Acree’s words were imbued with a sense of appreciation for Persian culture, and stated that “it is exhilarating to now read and understand ancient quotes from poets like Rumi in the original Persian.” 

Acree explained that the program has helped her to connect with students on campus with similar backgrounds. According to the website for the School of Modern Languages, their motto champions “the exchange of diverse perspectives and impactful collaborations … global competence and inclusivity” and “curiosity about the world.” 

A diverse program with less commonly taught languages contributes to these ideals by not only exposing more people to different cultures, but also by broadening horizons, both in personal and professional life, for students who have some background with the language.

Online language courses, both synchronous and asynchronous, are offered through the School of Modern Languages from elementary up to the intermediate level. These courses are open to students who are already admitted to the Institute as well as non-Tech students who apply as “transient” or “special” students. Undergraduate students have priority, but if space is available, these non-Tech students are given access to the Institute’s language curriculums.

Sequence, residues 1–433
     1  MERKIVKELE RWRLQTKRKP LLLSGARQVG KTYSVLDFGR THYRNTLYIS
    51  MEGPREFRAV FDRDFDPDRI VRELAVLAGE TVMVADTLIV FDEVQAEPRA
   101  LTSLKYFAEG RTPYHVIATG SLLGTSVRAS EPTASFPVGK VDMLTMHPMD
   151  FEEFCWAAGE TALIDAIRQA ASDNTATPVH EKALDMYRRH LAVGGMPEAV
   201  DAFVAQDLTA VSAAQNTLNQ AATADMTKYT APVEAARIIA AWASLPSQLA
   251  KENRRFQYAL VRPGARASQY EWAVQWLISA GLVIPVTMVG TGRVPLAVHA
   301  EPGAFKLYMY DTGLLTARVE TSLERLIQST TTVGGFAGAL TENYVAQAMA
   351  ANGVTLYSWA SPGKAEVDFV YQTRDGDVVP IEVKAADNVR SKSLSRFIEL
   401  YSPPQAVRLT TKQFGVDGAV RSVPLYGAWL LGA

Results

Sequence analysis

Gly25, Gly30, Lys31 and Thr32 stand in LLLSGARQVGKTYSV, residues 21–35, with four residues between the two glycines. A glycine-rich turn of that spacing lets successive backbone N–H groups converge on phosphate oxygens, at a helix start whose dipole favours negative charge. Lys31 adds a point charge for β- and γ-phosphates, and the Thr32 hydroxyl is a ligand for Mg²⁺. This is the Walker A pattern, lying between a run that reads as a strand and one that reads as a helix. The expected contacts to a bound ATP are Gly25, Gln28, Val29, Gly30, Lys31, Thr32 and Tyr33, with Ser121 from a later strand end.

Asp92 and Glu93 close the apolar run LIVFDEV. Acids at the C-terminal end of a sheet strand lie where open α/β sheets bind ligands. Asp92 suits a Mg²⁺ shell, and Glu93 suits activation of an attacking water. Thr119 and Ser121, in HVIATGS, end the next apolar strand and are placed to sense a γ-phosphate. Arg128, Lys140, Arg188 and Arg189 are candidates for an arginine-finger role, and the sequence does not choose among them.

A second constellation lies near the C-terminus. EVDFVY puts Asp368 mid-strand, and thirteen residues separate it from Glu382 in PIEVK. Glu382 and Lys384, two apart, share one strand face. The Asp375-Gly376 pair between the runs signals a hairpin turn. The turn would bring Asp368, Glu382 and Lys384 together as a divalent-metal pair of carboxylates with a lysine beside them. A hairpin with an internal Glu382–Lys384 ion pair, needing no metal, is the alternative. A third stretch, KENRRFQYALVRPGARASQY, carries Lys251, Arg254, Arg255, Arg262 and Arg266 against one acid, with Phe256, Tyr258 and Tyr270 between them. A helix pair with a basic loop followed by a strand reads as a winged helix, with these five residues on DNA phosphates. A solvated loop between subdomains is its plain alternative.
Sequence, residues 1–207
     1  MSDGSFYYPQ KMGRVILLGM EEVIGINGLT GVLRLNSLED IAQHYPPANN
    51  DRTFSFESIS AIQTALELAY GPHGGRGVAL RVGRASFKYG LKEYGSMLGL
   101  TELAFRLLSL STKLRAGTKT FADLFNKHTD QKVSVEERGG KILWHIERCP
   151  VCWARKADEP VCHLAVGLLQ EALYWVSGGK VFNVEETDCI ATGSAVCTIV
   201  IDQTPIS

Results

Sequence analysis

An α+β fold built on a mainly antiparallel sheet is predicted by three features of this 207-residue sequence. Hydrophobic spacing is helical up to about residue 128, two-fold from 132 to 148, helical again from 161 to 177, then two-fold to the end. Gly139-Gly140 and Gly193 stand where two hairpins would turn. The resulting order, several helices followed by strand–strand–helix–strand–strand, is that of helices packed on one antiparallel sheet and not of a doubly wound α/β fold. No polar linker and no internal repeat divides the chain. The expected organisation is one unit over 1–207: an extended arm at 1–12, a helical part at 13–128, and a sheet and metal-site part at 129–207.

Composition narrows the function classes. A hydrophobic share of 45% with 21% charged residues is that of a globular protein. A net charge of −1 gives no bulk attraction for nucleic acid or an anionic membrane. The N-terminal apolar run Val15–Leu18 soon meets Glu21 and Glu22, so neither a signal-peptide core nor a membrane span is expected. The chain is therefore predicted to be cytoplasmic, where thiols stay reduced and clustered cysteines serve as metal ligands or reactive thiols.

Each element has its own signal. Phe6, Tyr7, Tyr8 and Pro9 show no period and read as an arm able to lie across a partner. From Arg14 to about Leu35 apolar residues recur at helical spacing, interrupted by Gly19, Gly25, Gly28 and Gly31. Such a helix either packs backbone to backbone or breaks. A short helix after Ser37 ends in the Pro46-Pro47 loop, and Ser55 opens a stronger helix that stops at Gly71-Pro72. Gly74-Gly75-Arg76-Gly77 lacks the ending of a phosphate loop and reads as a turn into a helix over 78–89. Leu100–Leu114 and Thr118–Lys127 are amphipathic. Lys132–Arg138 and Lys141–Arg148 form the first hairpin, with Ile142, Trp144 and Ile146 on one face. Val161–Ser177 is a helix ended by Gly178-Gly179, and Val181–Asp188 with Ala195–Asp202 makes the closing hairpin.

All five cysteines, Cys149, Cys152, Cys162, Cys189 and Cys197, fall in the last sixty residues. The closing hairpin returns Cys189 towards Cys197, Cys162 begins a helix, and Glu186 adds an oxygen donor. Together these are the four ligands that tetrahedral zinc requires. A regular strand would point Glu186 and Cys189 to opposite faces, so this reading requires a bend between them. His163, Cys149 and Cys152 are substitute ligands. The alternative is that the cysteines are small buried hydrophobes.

When the Hindi program started in 2019, there was one class offered, and it was open to all institutions under the University System of Georgia umbrella. Students from Georgia State University and Clayton University were able to take advantage of this opportunity. 

Funding for the smaller language programs came from online course tuition, but this funding will not be renewed in the future as of now. The retraction of funds is tiered, and by the fall of 2024, no extra funding will be received by the School of Modern Languages, cutting off a previously vital source of their income.

Finding external funding could be beneficial in the short term, but the School requires a more sustainable means of funding to pay instructors in the future.

While this news is disappointing to members of the Tech community, it is not an isolated occurrence. Language program cuts are happening nationwide and have been happening for years. The Modern Language Association (MLA) reported in 2016 that they found 651 instances in which a foreign language that had been offered in the fall of 2013 was not being offered in the fall of 2016. 

This doesn’t necessarily mean that language programs are disappearing, but a 9.2% decline in enrollment in languages other than English is a national trend in

higher education institutions across the United States. The MLA has been conducting research for its next enrollment report and is set to publish that information this coming spring.

As Acree puts it, “students of Persian descent are missing out on the opportunity [I] received, to learn reading and writing a language that they can already speak. Non-Persians are missing the opportunity to learn an ancient language that is still in use today.” 

For now, only time will tell whether the upcoming Academic Program Review for the School of Modern Languages at Tech will be enough to reinstate cut programs and expand and protect the language pathways offered at the Institute.